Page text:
I don’t know what they have on their minds but my suspicions is that if we get to the farm, there’s a dam there. So, there’s water all year round and there is grass on the other side of this particular farm. And these are the two things their cattle need: grass and water, especially in the dry season. Both are there, so they see it and want it to be there. In recent times, they are not confining their desires to just grass and water; they now concentrate on my crops: maize, cassava, orange and carry away what they could and then, they destroy the rest, which shows hatred for the owner. I recall about four years ago, they burnt 125 palm trees in my farm. They made individual bonfire around the base of every tree. This would have taken them hours; hours of hard work to get dry wood to put around each palm tree and set the 125 trees on fire. What has cattle got to do with palm tree? It’s not maize or cassava that they want to eat, so they destroyed my crops, kidnapped me; they want to run me down. And you’re talking of unity, how can there be unity between the person who shows that he’s out to destroy your property and farms? And the government said they wanted to set them up as RUGA on our territory! But that will never happen.

A few weeks ago, we had the experience of EndSARS protests across the country. It was later hijacked by hoodlums. Don’t you think the whole exercise was dangerous?

Don’t let us confuse issues; protest is a legitimate and healthy part of any democracy. When I was two weeks old as an undergraduate in the Ibadan in September 1960, I joined my colleagues in marching to Lagos to disrupt a meeting of the House of Representatives because we learnt that our political leaders had signed a secret deal with the British government; that if Britain were to go to war in future, even though Nigeria would have been independent, they would still send troops to go and fight for them. We thought that was a betrayal and thought what they gave us was not independent. And we took it up with them. We marched to the place, protested and disrupted a meeting of House but if it were now, we would be shot. We felt we are the conscience of the nation and that our leaders had betrayed us for signing such a document and that if there was war, we the young ones are the ones who will be sent to go and die. We thought we had a right to go and protest. So, don’t tell me that protest is dangerous; a peaceful protest is healthy; it’s part of democracy.

When a peaceful protest is hijacked, the question is: by who? Surely, it’s not those who organized the peaceful protest; you don’t hijack your own peaceful protest. It is other people who could have been put up by the government to give a dog a bad name and hang it. I was impressed with the way the EndSARS protest was organized; it was matured, peaceful and patriotic. The security people saw that it was developing a lot of protests by behaving responsibly and to destroy and give them a bad name, they organized people and shoot at them. Why did they shoot at them?  They were not dangerous, not attacking anybody. They were singing and why did they have to shoot them? That’s the question and it was the military that shot them, so it is the government that disrupted the protest without any justification. So, hijacking came later but who hijacked it? I don’t know but what I know is that the EndSARS protesters are not the people who hijacked the protest; you don’t hijack your own protest. Therefore, what is dangerous is government using violence on peaceful protesters; it’s uncivilised and it is to be condemned. The government must accept its responsibility for the violence that followed the protest.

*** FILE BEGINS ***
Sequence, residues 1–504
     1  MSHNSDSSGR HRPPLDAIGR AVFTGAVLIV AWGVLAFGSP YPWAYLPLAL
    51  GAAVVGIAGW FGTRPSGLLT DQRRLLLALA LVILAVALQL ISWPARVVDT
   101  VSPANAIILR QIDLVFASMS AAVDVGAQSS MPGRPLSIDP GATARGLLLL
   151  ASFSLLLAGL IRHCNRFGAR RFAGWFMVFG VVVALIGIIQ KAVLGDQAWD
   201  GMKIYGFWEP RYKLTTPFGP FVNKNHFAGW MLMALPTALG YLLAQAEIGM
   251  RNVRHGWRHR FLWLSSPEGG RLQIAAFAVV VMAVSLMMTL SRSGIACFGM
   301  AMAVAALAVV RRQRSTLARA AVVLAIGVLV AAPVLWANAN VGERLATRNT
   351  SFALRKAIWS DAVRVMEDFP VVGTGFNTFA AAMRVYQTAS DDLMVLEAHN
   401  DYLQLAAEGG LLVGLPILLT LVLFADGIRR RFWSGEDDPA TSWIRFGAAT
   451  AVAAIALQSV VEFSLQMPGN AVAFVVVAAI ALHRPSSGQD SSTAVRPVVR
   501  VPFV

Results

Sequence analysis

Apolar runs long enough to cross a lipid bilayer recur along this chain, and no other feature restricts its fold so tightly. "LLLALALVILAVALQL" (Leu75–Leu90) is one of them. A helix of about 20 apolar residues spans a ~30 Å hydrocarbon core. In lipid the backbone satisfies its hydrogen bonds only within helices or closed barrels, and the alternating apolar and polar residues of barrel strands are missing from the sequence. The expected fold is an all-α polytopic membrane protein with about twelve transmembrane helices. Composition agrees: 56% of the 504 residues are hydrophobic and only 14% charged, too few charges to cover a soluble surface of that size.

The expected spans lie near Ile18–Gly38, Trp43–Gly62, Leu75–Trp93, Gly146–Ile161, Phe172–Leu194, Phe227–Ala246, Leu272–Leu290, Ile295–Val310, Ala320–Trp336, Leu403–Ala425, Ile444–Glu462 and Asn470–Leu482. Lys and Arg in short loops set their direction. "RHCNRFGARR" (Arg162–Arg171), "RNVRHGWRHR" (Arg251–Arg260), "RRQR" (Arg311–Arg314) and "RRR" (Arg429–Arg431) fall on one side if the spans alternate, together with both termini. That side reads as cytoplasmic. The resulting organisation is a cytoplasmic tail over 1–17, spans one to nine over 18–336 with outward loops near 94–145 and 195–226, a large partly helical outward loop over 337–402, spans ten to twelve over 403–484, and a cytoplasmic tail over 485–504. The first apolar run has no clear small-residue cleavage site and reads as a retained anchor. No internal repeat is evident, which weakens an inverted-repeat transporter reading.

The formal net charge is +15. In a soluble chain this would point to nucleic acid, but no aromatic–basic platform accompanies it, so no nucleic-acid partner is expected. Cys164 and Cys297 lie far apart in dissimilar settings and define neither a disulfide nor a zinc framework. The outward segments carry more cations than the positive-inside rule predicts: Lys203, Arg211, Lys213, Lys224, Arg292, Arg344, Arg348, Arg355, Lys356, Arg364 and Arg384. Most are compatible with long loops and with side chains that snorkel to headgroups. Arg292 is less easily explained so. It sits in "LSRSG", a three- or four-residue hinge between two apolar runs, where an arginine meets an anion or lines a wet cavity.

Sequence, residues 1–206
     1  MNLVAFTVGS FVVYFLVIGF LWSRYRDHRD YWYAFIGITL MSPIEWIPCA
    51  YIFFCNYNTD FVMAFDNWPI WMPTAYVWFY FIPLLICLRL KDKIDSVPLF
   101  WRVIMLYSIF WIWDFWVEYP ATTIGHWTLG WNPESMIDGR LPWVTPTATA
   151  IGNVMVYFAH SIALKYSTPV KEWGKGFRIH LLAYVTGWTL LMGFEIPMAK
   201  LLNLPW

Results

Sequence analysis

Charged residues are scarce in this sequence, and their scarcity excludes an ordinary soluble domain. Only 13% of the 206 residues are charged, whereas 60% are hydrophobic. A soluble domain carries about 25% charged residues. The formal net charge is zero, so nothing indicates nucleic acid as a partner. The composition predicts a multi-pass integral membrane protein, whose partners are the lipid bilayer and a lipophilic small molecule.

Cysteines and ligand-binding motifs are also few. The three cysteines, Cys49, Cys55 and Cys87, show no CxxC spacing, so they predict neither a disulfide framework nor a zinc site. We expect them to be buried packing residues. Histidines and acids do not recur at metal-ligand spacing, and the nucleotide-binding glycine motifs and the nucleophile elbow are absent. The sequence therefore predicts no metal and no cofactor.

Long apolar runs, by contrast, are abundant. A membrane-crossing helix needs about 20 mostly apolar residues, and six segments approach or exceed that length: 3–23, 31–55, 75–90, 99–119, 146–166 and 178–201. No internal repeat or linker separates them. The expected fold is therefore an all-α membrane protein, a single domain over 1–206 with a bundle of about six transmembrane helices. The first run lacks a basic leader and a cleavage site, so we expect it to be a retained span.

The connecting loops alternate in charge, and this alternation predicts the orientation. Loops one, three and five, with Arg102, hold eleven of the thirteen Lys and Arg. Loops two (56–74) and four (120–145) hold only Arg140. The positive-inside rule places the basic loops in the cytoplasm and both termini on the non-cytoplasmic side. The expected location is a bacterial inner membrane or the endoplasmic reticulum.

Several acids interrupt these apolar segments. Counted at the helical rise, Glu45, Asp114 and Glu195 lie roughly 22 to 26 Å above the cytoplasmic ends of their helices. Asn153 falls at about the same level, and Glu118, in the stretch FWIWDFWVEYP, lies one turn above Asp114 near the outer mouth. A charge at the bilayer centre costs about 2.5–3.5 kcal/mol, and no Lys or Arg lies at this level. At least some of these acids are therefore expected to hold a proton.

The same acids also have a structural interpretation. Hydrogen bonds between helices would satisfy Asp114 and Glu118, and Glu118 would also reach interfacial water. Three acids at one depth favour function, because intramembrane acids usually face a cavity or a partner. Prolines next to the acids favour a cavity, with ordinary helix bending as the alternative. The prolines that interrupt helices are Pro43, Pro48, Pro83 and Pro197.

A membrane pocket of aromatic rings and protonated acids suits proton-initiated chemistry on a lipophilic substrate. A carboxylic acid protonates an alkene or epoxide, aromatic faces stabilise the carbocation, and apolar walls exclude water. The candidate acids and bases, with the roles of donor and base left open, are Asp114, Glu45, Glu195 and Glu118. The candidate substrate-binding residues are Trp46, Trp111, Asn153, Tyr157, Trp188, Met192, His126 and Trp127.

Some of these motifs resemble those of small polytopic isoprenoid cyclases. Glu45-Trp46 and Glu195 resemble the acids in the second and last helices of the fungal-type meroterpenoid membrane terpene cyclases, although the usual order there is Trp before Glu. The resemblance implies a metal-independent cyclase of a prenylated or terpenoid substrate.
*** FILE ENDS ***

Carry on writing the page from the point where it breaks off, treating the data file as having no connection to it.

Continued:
The President was quoted as saying that he would never accept such protest again. Do you see such statement as being democratic? 

He’s not clear what he meant by such a protest. If he meant he would never allow a peaceful protest again, I will advise him to think again because before he became President, he and I went to the National Assembly to protest against the Electoral Act. We’re proposing amendments to the law and he followed me to the National Assembly before he became President. So, a peaceful protest is good; a society that does protest is dead. If he means violent protests, yes. But he should not allow security agents who he controls to go and shoot at peaceful protesters because that was what led to what followed the recent protest. If that’s what he’s saying I support him that never again he will not allow his security people to fire on peaceful protesters and transform peaceful protest to violence. If that’s what he’s saying that’s wonderful.

The exchange rate of the nation’s currency, Naira has skyrocketed in the last few weeks. What should be done to rescue it?  

It pains me to talk about this issue, but it shows the reflection of the strength of the economy. If you have a weak economy and you’re artificially propping up the exchange rate, you’re deceiving yourself. This is what I mean: if Nigeria is committing herself to spending $5 billion every month in foreign transactions and you’re only earning $2 billion, that’s huge deficit between what you’re earning and what committed. Inevitably, your currency will come crashing down and if you don’t want that to happen then, find ways of increasing your exports, earning more foreign exchange, bridging that gap and your currency will appreciate; any other thing is artificial. So, I put it in a very simple language that anybody can understand. I can go into the technicality but I don’t want to do that. So, the exchange rate is a reflection of the strength or weakness of your economy. For instance if you’re borrowing other people’s money in billions and thereby committing future foreign exchange earnings of Nigeria to debt servicing and retainment without doing anything to show that you will be able to earn more foreign exchange at that time, there’s nothing you’re going to do your currency is going to crash.

Credit: Nigerian Tribune